Formerly vacant lot transformed into Bogarden by downtown neighborhood

With its mast and boom formed by branches and its sail of twine, this whimsical sailboat — and planter — at the edge of Bogarden gives climbing plants room to grow. The community garden is at the corner of Rutledge Avenue and Bogard Street downtown.

As tomatoes grow slowly in their beds and basil leaves glisten in the sunlight, traffic buzzes by just a sidewalk away.

This is the Bogarden. What formerly was a vacant lot at Bogard Street and Rutledge Avenue is now a thriving agricultural project in the Cannonborough- Elliotsborough neighborhood in the heart of downtown Charleston.

The lot's owners, who include Charleston lawyer Jonathan Altman and developers George Reavis and Craig Comer, purchased the property in October 2009. After developing some condominiums just up the street, they decided not to build anything on the lot because of the slow housing market.

Then, in January, Fritz Stine of the group C of C for Urban Agriculture, approached Altman about the possibility of using the space as a garden instead. Altman was supportive of the idea, and leased the property to the group for a penny.

"We thought it would be a great addition to the community," Altman said.

C of C for Urban Agriculture, whose mission focuses on growing local, organic produce, seized upon the opportunity to use the property.

With the financial support of the Student Government Association at the College of Charleston and the help of environmentally- minded friends, the group cleared the lot and built beds for the plants.

They invited the community to contribute by watering plants and sewing seeds of their own.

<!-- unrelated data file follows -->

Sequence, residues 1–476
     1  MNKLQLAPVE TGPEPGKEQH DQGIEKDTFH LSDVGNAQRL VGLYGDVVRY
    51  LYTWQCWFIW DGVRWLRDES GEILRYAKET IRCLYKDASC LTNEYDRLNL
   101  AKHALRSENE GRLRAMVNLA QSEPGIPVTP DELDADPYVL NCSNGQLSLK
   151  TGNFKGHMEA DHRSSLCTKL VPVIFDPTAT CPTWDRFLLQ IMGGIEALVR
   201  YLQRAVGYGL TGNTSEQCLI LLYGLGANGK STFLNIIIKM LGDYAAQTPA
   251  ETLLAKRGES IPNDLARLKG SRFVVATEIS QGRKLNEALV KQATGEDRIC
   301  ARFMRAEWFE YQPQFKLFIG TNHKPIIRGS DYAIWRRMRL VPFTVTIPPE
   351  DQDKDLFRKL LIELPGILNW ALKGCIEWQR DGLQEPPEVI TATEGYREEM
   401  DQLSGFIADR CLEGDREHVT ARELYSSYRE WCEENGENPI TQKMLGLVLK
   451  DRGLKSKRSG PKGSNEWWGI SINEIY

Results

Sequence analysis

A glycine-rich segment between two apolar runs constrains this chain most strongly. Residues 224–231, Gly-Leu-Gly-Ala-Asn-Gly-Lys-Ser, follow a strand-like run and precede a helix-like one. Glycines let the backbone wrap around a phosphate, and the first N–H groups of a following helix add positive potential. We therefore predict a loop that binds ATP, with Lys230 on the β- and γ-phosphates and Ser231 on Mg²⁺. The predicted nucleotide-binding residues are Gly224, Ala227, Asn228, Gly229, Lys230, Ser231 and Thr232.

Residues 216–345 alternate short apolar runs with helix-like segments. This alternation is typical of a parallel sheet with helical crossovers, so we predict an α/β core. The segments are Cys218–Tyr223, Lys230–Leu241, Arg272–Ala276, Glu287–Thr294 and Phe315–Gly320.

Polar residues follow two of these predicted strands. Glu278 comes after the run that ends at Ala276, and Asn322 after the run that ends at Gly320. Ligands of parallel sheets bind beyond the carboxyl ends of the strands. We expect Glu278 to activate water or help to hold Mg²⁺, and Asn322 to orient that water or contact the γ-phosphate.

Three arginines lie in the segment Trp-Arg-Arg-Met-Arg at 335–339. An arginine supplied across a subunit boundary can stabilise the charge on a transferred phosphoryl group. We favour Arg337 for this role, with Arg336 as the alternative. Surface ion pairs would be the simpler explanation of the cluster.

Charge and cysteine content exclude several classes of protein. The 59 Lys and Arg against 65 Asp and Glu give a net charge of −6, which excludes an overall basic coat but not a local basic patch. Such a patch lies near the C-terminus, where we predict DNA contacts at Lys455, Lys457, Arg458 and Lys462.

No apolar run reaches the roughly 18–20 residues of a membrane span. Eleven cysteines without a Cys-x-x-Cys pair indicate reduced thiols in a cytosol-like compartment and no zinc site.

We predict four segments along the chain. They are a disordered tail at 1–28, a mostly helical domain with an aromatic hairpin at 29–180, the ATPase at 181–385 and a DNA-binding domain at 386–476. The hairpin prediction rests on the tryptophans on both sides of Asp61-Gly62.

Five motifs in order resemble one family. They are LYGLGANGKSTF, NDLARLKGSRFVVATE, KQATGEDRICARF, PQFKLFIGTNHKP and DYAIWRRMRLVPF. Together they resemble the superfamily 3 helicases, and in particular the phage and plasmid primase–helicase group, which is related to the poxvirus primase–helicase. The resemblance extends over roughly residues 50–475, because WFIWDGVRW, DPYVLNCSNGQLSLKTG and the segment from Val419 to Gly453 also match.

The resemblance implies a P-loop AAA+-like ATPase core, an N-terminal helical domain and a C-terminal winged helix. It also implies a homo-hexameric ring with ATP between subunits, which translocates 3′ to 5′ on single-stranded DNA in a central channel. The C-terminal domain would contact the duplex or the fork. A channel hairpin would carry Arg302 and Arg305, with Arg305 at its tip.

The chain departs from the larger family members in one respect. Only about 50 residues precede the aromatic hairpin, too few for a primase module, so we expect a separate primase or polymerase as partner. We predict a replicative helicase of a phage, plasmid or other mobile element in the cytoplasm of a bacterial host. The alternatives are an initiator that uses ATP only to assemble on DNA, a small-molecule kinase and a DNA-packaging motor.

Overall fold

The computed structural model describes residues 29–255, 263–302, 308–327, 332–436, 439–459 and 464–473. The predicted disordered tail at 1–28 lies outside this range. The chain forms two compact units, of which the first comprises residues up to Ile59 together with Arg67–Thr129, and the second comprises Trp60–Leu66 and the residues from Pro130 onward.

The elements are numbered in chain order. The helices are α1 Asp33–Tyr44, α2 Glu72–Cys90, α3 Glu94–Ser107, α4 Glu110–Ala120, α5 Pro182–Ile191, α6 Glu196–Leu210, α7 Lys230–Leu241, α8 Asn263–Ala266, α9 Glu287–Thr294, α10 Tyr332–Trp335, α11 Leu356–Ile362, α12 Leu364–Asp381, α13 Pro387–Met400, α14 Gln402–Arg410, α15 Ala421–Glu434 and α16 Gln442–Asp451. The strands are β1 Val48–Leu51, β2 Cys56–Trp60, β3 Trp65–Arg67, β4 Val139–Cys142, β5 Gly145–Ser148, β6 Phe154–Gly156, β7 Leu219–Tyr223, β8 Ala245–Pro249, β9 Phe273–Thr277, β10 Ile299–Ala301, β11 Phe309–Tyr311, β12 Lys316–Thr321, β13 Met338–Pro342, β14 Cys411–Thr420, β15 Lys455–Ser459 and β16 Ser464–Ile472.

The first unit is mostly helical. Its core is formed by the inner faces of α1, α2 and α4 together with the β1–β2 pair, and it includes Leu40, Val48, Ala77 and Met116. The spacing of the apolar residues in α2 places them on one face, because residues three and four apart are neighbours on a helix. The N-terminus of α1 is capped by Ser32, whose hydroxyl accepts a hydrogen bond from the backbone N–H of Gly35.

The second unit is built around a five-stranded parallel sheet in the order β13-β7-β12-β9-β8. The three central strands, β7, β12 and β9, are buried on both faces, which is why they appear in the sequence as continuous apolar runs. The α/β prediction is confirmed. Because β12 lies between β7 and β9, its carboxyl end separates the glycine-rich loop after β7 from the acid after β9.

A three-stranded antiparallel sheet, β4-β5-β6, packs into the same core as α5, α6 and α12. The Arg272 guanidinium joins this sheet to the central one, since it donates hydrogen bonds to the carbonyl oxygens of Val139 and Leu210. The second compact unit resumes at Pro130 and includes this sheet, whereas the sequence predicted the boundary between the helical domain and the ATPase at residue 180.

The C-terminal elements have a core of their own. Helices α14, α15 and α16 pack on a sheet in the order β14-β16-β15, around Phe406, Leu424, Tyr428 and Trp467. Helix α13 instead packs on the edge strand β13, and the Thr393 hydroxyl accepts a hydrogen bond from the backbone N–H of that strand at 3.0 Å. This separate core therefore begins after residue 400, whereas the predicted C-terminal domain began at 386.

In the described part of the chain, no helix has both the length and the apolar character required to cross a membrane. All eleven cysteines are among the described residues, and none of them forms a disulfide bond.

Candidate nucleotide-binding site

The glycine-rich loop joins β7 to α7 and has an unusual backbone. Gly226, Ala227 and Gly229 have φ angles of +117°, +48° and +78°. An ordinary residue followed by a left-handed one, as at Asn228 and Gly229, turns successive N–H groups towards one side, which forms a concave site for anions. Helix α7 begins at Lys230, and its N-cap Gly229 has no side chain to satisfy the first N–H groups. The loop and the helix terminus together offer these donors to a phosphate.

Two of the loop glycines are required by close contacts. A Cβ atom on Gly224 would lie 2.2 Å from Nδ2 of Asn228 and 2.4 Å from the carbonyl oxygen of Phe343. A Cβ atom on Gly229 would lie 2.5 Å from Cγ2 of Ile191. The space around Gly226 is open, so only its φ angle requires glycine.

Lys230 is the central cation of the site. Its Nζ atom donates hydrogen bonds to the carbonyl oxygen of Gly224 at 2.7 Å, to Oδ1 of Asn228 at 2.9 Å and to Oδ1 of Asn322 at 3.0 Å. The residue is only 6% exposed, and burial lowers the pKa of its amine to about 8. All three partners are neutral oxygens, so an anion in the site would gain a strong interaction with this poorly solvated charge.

The hard work paid off. A variety of crops, ranging from tomatoes to watermelons to collard greens, are growing well in the space.

"The enthusiasm for the project has been stupendous," said Adrian Barry, president of C of C for Urban Agriculture.

Ben D'Allesandro, who owns D'Allesandro's Pizza at the other end of Bogard Street, has lived across the lot for 10 years and is happy to see it put to use. He grows basil used to make pesto in his restaurant, although he notes that what he gets from the Bogarden is hardly enough for what the restaurant uses. He said he just wanted to plant something in the garden.

"It's very therapeutic, watering the plants," he said.

He planted other crops in the garden, but said the communal nature of the project means they are often gone before he can get to them. He doesn't mind.

Eating the fruits of one's own labor is refreshing to Sylvia Nicks, who keeps a small plot in the Bogarden. After 50 years of living in New York City, she said growing her own food reminds her of her childhood on a farm.

She said the fruits and vegetables she grows are fresher and better-tasting than what she used to buy at local grocery stores.

Altman said the arrangement is not permanent. He has not ruled out the possibility of developing the property when the housing market picks up.

Tentative plans are in place should that possibility come to fruition. Stine said the group will simply break down the beds and give the plants away.

Nicks said she would be sad to see the Bogarden uprooted.

"I would miss it," she said